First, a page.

“Steel Industry” can conjure hellish images of white-hot furnaces and choking black smoke, but even in the mid to late 19th century steelmaking was a sophisticated business. Born in fire, steel was refined and furnished in forms out of which could be made myriad goods, from tiny screws for precision timepieces to foot-thick armored turrets for the largest battleships.
Most steel goods left collectors affordable historical souvenirs in the form of the commercial correspondence of the day, of which three items are shown here.
“Established 1865,” the handsome corner card on a 2¢ stamped envelope (Scott U311) from the Crescent Steel Co. of Pittsburgh was canceled there in 1891, and the addressee in Ithaca, New York, was at least as noteworthy, according to Wikipedia. Robert Henry Thurston had been a naval officer in the Civil War and later “Assistant Professor at the U.S. Naval Academy in Annapolis and a published specialist on iron and steel as well as steam engines.”
Thereafter, in 1871 he “was appointed Professor of Mechanical Engineering at the Stevens Institute of Technology,” a private research university in New Jersey. After 15 years, Thurston left to become “director of Sibley College at Cornell University, reorganizing it as a college of mechanical engineering.” It is some measure of the enduring regard in which he was held that, more than a century later, 31 “Stories by R.H. Thurston” written from 1874 up until his death in 1903 are still posted online in 2019 by Scientific American.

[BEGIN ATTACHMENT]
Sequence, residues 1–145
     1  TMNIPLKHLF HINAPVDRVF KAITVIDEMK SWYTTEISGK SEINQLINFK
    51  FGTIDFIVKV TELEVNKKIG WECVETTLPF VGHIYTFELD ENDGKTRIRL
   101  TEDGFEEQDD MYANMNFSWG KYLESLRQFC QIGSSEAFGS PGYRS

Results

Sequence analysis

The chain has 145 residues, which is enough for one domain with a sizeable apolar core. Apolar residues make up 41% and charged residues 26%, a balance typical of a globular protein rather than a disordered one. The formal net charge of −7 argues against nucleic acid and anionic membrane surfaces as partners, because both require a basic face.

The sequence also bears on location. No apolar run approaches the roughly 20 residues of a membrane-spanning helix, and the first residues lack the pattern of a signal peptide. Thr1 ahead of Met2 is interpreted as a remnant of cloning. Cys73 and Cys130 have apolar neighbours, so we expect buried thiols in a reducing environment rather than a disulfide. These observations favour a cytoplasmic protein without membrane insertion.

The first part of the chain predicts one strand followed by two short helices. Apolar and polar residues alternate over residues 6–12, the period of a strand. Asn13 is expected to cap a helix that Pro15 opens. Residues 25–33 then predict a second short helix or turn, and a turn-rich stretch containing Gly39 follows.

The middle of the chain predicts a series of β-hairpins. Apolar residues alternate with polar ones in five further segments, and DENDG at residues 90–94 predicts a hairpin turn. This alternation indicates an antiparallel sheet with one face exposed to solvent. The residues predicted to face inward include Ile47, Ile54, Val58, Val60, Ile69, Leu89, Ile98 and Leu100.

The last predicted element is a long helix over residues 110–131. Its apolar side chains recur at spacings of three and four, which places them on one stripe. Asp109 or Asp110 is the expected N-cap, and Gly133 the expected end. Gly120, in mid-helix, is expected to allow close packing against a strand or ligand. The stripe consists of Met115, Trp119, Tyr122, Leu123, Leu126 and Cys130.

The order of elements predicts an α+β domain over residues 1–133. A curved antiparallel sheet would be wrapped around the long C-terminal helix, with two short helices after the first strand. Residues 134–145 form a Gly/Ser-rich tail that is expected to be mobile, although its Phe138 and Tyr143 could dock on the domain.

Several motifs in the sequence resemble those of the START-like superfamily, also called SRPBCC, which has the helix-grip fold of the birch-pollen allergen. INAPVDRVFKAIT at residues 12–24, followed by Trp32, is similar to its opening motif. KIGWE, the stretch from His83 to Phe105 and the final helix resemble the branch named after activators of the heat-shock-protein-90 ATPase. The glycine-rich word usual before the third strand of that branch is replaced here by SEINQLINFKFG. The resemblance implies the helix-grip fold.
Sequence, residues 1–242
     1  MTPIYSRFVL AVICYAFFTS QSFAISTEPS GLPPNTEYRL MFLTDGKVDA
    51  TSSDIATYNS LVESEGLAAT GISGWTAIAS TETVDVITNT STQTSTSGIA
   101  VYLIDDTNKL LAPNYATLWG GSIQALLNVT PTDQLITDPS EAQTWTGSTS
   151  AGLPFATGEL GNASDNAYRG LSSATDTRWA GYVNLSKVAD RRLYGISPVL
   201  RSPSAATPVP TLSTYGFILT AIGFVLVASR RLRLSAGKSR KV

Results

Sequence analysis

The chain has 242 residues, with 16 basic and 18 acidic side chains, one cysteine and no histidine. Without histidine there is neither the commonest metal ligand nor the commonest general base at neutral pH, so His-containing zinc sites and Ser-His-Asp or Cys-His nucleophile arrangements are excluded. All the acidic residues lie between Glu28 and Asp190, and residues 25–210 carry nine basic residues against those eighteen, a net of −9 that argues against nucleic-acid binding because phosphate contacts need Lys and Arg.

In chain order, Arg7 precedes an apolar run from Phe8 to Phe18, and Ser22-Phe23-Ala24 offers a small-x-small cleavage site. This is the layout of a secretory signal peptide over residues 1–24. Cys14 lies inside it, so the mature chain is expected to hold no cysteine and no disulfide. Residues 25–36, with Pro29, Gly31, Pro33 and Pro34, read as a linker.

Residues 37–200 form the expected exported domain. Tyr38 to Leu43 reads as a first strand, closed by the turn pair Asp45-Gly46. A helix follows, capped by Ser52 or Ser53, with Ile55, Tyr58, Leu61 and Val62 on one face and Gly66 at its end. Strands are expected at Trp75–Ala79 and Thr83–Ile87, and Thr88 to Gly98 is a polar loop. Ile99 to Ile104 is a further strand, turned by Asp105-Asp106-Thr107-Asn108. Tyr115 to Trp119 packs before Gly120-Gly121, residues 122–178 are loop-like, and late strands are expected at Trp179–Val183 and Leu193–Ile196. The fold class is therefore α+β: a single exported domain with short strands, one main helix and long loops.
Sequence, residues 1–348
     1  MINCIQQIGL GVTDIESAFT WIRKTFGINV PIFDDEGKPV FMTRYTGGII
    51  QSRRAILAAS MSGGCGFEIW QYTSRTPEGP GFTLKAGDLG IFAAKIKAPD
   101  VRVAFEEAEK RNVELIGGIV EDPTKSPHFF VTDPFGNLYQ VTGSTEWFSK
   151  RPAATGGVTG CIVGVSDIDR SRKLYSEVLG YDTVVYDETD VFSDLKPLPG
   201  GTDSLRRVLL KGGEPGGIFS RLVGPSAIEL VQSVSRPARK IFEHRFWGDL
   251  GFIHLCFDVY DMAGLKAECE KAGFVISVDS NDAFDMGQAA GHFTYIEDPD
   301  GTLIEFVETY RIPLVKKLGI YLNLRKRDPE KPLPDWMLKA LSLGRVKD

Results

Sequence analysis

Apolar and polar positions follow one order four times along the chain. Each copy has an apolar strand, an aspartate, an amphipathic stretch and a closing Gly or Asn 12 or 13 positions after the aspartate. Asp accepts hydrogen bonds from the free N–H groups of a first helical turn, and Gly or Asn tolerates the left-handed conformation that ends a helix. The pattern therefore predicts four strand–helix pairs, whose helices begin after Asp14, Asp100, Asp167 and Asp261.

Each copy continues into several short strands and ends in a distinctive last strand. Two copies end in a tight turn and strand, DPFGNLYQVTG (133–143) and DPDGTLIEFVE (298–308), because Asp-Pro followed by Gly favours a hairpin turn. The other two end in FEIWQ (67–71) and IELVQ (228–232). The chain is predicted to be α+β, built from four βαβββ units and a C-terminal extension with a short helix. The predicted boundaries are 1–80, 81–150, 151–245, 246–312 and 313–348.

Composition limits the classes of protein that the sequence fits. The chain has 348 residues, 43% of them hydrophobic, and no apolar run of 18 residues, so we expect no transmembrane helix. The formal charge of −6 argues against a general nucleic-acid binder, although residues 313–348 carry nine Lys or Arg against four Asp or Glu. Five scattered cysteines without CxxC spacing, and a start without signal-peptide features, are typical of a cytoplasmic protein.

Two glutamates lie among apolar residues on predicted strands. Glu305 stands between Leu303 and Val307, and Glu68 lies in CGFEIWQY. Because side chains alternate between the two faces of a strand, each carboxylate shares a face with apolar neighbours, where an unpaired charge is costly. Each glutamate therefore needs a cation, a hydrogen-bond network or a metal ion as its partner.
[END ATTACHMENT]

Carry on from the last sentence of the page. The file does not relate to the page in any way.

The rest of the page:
Then as today, research and commerce went together, which is why men like Thurston filed and held patents, as had Kelly and Bessemer before him. If the letter in the 1891 cover did not acknowledge receipt of a detailed order from the professor concerning his work, then it may have been an inquiry from Crescent Steel politely requesting Thurston’s opinion.
Why would a steel company write to a professor? The answer is in the printed message side of a penny postal card (Scott UX9) sent cross-town in 1898 by a Chicago sales firm representing Crescent Steel. The card offers “COLD ROLLED BRIGHT STRIP STEEL down to .005 inch, of various grades, and of ‘tempers’ from dead soft up,” suitable for use in saws, springs, sewing machines, corsets, spokes or whatever else the customer might need. Turning a raw material into the precisely formed and fabricated piece of metal to keep your bustle or your bicycle ride stiff but springy every day is what elevated ironmongery from a craft to an industry.
That’s also the message of a 2¢ stamped envelope sent in 1912 from a shovel-maker in Pittsburgh to Ohio. The sender claims “the blade of this shovel is SOLID CAST STEEL Warranted and with Socket and Straps Complete … wrought on one Piece from a Single Ingot of Metal. PITTSBURGH.” Accompanying it is the promise that “this label will be found on every HUSSEY-BINN’S SHOVEL CO’S R.R. SHOVEL.” This is how Bessemer bested Kelly, producing enough tough steel rails to cross a continent and make cast railroad shovels — not just a few teapots.